Tag Archives: immunotherapy

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I think I was officially discharged yesterday. I got to go home. My clinic visit with the lead researcher Dr. Maloney was an emotional, joy filled experience. I am on cloud 9 and I can't stop thinking about how fortunate I am in so many ways. My journey into this trial and through it has been miraculous. I am not a bible thumping person in any way, but I can say I have seen God's hand at work during this and it has been awe inspiring. My doctors also bring me to tears. I'm not sick. The official time from treatment to my all-clear no cancer scan was 4 weeks.

Can you see any cancer in this photo? Neither can I! Getting a photo with these guys was almost a miracle in itself. Dr. Maloney is WAY too humble, and the others are just camera shy. Except me, I'm too happy to care.
Can you see any cancer in this photo? Neither can I! Getting a photo with these guys was almost a miracle in itself. Dr. Maloney is WAY too humble, and the others are just camera shy. Except me, I'm too happy to care.

A few things about CAR-T. T-cell therapy, CART19. This is NOT chemo or a drug. I guess it would be classified as immunotherapy. What happened was: 1) I had blood taken and t-cells from my own immune system seperated out. 2) My t-cells were genetically modified in a lab to attack cancer cells. They also attack the good immune cells, because what I have is a cancer of the immune system, lymphoma. 3) The new t-cells were given back to me. They multiplied on their own and wiped out any trace of cancer. This isn't perfect, I'm missing part of my immune system. However, some chemo drugs also have similar side effects.

Here's the thing. I may have been lucky enough to get into this, but it's NOT about me. This treatment is going to change the face of cancer. I can't stress that enough. When I was diagnosed, there was no "cure." That may be the official stance since this hasn't passed the test of time yet, YET. The face of CAR-T immunotherapy is changing and growing so rapidly. Right now, it's been used on blood cancers and a few others but the trials for solid tumor cancers are starting now if they haven't already. I pray that my participation moves this one more step forward to other forms of cancer.

I am optimistic, but only because I have every reason to be. I'm not a pollyanna by nature. I wish I could shout from the highest mountains for everyone how exciting this is for future patients facing cancer.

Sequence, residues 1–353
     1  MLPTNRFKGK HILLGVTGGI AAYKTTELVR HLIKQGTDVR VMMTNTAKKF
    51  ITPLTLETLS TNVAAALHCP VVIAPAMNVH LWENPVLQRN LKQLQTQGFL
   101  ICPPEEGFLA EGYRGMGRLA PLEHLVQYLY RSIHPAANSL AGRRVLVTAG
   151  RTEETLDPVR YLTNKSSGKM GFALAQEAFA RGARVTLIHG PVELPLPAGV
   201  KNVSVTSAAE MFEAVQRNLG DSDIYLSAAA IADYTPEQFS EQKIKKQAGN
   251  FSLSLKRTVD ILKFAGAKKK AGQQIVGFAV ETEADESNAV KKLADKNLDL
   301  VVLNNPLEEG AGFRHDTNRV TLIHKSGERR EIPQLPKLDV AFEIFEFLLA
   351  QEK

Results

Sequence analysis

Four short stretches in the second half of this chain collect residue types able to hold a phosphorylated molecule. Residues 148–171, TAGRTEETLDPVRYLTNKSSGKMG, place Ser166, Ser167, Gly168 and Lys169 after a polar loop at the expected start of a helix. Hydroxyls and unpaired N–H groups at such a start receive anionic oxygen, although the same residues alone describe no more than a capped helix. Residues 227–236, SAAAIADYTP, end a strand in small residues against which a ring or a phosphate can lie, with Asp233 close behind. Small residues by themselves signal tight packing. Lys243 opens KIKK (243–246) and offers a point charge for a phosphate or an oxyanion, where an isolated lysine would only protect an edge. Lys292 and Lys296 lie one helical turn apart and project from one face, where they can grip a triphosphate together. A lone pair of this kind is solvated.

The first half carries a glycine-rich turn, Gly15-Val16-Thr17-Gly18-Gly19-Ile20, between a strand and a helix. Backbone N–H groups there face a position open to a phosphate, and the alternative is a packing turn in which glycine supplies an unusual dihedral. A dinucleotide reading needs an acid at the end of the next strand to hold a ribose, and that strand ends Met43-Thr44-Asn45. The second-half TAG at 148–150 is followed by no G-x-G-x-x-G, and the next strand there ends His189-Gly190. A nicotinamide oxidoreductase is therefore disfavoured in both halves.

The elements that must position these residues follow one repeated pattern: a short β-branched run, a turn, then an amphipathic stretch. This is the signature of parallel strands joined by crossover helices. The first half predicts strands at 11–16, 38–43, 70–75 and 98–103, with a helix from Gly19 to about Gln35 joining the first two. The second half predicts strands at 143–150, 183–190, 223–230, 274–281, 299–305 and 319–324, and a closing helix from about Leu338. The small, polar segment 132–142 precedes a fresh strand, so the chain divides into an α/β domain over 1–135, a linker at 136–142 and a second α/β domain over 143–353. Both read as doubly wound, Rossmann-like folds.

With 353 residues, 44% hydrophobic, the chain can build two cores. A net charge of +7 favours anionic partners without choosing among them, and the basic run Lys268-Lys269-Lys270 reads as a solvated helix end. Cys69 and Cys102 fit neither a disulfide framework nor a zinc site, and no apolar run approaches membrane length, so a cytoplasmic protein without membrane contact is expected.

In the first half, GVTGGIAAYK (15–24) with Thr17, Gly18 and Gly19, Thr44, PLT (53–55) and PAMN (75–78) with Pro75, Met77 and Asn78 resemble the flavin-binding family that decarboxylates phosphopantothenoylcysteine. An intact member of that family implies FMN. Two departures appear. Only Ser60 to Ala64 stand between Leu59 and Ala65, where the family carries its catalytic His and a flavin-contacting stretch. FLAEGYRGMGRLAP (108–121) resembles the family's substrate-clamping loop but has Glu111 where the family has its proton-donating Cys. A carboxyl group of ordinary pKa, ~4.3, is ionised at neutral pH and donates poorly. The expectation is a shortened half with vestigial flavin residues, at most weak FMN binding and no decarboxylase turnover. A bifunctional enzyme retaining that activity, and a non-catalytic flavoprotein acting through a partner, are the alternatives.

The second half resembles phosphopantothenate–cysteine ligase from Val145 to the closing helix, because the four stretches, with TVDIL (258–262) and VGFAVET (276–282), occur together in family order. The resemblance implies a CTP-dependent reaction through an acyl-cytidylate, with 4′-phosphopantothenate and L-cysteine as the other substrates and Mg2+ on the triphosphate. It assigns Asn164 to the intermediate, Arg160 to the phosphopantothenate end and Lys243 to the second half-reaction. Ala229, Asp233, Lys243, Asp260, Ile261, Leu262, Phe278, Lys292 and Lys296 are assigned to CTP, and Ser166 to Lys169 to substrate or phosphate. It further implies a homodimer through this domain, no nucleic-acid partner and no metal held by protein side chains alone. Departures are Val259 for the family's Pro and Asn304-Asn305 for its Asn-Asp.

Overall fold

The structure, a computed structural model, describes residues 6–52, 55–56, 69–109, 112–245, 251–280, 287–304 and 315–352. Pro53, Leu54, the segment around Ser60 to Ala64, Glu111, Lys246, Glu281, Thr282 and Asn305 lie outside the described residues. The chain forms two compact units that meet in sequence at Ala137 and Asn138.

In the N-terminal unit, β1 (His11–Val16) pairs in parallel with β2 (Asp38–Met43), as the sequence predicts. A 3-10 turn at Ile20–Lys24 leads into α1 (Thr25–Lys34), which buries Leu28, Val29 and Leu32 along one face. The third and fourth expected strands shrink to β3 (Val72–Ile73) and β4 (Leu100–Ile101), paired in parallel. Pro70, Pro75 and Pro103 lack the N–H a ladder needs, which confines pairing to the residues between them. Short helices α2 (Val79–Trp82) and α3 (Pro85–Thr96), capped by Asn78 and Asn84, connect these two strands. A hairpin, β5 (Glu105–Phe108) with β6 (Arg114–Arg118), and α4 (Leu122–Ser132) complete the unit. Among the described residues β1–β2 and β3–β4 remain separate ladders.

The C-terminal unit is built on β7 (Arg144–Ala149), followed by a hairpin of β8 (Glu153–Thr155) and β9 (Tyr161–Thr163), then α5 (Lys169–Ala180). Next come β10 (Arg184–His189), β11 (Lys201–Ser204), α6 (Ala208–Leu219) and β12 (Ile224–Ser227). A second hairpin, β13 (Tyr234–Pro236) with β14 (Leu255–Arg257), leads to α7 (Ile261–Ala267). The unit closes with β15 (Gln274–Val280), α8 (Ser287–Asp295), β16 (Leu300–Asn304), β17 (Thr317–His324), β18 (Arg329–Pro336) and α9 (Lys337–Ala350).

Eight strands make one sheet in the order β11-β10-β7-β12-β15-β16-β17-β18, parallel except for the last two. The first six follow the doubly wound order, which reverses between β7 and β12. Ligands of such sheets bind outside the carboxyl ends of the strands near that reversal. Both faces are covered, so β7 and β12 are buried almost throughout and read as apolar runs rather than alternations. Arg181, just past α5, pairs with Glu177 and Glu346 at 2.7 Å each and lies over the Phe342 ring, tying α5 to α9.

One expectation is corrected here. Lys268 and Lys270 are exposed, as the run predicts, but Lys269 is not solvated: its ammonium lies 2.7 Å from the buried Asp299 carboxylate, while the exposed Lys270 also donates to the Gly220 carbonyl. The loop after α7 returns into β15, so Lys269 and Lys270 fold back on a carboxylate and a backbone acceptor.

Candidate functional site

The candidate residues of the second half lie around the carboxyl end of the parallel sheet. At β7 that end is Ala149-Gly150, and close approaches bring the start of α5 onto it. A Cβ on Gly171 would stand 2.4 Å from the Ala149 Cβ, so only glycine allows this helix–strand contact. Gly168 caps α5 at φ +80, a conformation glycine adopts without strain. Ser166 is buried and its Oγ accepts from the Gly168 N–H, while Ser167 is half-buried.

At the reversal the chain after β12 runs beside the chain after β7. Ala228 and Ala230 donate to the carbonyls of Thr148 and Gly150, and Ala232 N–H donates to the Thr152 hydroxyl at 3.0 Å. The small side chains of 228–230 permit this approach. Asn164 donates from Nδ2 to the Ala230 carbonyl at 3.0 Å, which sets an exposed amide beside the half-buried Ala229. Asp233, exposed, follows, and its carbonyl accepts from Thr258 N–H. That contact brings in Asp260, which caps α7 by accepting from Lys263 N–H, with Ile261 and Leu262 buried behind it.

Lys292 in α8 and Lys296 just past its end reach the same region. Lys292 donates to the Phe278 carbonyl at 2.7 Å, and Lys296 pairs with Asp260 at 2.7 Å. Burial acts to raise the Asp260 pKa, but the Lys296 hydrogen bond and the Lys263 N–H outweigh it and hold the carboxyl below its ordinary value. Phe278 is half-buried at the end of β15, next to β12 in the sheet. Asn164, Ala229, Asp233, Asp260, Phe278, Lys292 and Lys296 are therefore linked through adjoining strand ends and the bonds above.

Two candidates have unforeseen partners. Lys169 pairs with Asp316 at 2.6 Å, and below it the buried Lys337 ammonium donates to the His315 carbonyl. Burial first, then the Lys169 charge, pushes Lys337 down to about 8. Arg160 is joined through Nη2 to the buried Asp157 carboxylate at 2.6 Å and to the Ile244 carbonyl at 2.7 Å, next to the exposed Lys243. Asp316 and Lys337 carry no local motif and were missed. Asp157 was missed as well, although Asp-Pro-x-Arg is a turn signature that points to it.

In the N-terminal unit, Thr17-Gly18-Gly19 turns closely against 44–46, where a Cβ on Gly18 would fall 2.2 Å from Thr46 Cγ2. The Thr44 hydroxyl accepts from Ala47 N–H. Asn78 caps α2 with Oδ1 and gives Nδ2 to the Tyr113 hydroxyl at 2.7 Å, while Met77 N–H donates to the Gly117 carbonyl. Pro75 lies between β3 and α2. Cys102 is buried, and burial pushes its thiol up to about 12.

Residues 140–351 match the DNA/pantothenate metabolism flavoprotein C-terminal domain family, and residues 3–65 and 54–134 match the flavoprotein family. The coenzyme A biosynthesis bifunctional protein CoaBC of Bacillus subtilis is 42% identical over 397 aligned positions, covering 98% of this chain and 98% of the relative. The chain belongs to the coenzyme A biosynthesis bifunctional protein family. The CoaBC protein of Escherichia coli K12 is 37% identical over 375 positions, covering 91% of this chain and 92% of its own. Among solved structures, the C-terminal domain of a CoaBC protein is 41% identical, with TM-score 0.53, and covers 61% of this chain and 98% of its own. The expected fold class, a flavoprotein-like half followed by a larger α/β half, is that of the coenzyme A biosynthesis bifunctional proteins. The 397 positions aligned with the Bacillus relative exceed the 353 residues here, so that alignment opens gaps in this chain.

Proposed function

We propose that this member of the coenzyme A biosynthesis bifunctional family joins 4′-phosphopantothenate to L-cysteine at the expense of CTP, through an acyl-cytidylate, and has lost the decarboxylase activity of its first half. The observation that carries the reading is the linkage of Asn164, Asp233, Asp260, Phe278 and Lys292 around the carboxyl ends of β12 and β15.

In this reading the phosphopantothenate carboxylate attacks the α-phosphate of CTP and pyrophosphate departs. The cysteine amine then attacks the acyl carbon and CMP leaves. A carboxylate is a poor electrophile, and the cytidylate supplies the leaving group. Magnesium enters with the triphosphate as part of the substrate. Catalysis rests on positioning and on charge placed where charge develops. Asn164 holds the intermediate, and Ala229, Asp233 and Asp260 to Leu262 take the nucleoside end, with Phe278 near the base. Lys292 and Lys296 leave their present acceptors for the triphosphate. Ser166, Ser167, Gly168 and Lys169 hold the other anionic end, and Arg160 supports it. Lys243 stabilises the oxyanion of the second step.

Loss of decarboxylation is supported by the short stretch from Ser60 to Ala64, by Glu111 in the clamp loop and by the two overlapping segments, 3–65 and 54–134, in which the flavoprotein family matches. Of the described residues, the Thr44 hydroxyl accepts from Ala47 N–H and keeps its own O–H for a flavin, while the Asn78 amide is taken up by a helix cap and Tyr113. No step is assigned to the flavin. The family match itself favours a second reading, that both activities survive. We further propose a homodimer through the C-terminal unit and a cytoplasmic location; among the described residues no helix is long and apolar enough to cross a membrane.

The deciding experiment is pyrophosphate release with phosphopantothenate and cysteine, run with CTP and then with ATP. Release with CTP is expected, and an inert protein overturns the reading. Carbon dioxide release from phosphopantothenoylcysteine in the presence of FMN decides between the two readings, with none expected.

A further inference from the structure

Please email questions to me personally, or find me on Facebook. I don't know all there is about CAR-T. Guess what, the doctors don't either. I will answer what I can or try to find out. I will be continuing my follow up with the same team. The only downside to my day yesterday was trying to deal locally to find a doctor who will work with Dr. Maloney to monitor my labs, etc. I'm trying not to take it personally.

Also, I apologize for the disorganization of the blog, blogging isn't my strong suit!

It seems like I have so much going on and yet it's almost embarrassingly easy. The clinic was running on a skeleton crew today for the holiday, my research kit was misplaced. One diligent tech would not let it go, when everyone else--including me--was going to give up. I think she literally questioned every single person in the lab and finally found the paperwork for my research kit blood work. I'm glad, and yet I wonder how many T-cells they just took out in that extra 5 vials, 2 jumbo size.

I met another car-t patient today and we talked for almost 2 hours. When I say met, I mean I had a gut feeling, chased them to the elevator and asked if they were also a car-t patient. YES! When they started speaking tech to me, including nearly the exact same diagnosis I was beyond excited. It was very, very exciting for me to compare notes and experiences so far.

This video linked below has been brought to my attention by 2 different people, and I am honestly thrilled that the word "cure" is beginning to be used more by doctors. When I was diagnosed years ago, I was told this was incurable. A year later, I remember nearly whispering to my oncologist "they say they can cure this at MD Anderson..." The word cure is used very sparingly when it comes to cancer. We really are at the edge of an entire new era of treatment. It is encouraging to hear the doctor in this video say cure as opposed to turning cancer into a chronic or manageable condition. That isn't terrible, clearly it beats many treatment options even now, but I prefer CURE.  This isn't just for blood cancers, they're talking about many types.

Cure is on the horizon